Science isn’t a subject for everyone. Still, if you’re in the majority of students who experience middle school, high school, or college, you’re sure to have taken at least one science class throughout the course of your education.

Chemistry is one particular branch of science that most people dread. The complicated table of periodic elements might be organized, but to a beginner, it can seem like a confusing mess of numbers and letters.

However, a brand-new—and interactive—periodic table of the elements changes all of that! Instead of confusing you with a bunch of information you don’t understand, it helps explain the elements by sharing how they are used in real life. Take a look…

If you’ve ever studied chemistry in high school, then you are more than familiar with the periodic table of the elements. However, you have also probably never seen it depicted quite like this before! This interactive table doesn’t just list the elements; it shows you how they are actually used every day. Here’s a highlight of the coolest ones…

1. Some elements, like sodium, are used every single day. You can find a healthy dose of sodium inside the salt that’s sitting on your kitchen table. Did you also know that it’s frequently used to power street lights and to make soap and glass?

 2. Fluorine might sound like something out of science fiction, but it’s actually a relatively common element! You don’t need to be an alien to use it. In fact, you can find it in everything from your toothpaste to the pans you use to cook your eggs.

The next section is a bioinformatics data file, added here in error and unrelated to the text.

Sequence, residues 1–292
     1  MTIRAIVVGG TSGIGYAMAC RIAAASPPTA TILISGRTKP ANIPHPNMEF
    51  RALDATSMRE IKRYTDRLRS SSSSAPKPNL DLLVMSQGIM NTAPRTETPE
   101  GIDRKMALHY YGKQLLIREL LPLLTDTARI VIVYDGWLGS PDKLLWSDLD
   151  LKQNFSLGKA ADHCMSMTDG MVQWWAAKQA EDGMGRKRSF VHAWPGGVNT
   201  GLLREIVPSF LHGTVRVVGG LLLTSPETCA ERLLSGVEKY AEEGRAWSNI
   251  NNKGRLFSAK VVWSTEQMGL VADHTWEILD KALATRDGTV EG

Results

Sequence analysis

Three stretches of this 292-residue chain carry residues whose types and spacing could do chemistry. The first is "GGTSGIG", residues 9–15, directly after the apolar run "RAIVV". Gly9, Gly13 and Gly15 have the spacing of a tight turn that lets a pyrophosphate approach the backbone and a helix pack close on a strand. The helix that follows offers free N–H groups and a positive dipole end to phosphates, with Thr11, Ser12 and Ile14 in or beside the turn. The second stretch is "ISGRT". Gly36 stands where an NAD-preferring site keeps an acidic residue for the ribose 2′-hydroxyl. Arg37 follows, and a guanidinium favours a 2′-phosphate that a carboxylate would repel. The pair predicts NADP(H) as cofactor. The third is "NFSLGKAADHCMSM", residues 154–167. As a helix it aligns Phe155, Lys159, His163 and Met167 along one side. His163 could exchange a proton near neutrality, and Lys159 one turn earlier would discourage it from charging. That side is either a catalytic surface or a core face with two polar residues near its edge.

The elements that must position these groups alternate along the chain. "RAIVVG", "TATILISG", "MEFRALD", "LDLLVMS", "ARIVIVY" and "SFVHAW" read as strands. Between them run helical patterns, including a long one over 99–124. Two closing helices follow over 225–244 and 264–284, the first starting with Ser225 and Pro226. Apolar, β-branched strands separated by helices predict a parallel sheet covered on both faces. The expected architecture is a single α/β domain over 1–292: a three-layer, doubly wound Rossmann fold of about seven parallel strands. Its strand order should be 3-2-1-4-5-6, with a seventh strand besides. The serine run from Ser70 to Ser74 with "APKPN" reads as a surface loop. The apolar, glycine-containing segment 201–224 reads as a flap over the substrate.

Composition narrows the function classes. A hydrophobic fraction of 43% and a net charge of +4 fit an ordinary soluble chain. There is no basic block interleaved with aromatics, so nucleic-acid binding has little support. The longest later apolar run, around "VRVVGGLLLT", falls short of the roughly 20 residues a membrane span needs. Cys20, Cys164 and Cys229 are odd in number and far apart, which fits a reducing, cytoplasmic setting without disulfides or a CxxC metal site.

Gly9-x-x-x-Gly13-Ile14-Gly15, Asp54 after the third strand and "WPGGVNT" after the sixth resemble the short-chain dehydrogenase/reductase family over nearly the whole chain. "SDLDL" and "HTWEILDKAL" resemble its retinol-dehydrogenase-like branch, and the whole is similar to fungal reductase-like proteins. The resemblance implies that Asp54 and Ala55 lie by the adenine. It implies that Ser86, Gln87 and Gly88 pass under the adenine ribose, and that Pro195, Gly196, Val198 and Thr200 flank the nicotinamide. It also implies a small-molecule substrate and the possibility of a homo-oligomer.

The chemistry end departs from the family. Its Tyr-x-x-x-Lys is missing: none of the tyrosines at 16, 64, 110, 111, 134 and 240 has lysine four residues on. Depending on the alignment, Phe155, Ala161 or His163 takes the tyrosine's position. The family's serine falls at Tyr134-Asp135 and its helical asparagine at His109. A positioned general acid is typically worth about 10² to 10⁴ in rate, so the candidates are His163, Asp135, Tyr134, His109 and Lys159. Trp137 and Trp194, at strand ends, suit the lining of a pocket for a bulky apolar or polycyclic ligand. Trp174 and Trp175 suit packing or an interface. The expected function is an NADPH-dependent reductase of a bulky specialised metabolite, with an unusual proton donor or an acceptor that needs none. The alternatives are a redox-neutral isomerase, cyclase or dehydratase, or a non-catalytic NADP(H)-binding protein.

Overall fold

3. Scientists frequently use platinum while conducting their experiments in the lab. It is also used to help make the spark plugs inside of your car and to help process fats and control pollution. Oh, platinum, who knew you were so versatile?

4. When you think of potassium, you most likely imagine everybody’s favorite fruit: the banana. However, potassium is also found naturally inside of your nerve endings. It also helps pack a punch in combustible materials like matches and gun powder.

5. The next time you go into the hospital for laser surgery, your doctor will probably be using a laser powered by the element holmium! Holmium is also used to make computer discs and glass filters. It’s a rare earth metal, which means it’s very soft.

6. Americium might sound like some sort of uber-patriotic element that is used to make up the American flag (what else?), but it’s actually a radioactive actinide metal. It doesn’t occur naturally and it’s used primarily to help power stuff like smoke detectors.

7. Strontium is an alkali earth metal, which means it isn’t found in nature—but it is great at forming compounds. You see strontium in action every single Fourth of July since it’s used quite often inside of the fireworks everyone sets off to celebrate.

8. It may rhyme with the word “moron,” but boron has nothing to do with intelligence—or a lack thereof. Boron is used in everything from soap and fertilizer to the construction of sports equipment and heat-resistant semiconductors! Talk about a smart element.

9. You probably know nickel better than you know any of the other transition metal elements around. That’s because this metal is used to make coins like—you guessed it—the nickel! Nickel can also be found inside of the Earth’s core.

10. Every time a snow plow or a digger drives by you, there’s a chance for you to see manganese in action. This transition metal is used to make powerful Earth movers in addition to batteries and even stuff like common farm fertilizer.

Who knew just how often we used the elements every single day? If this is how they were taught in schools, they would probably be a heck of a lot easier to learn. Check out the full periodic table here!

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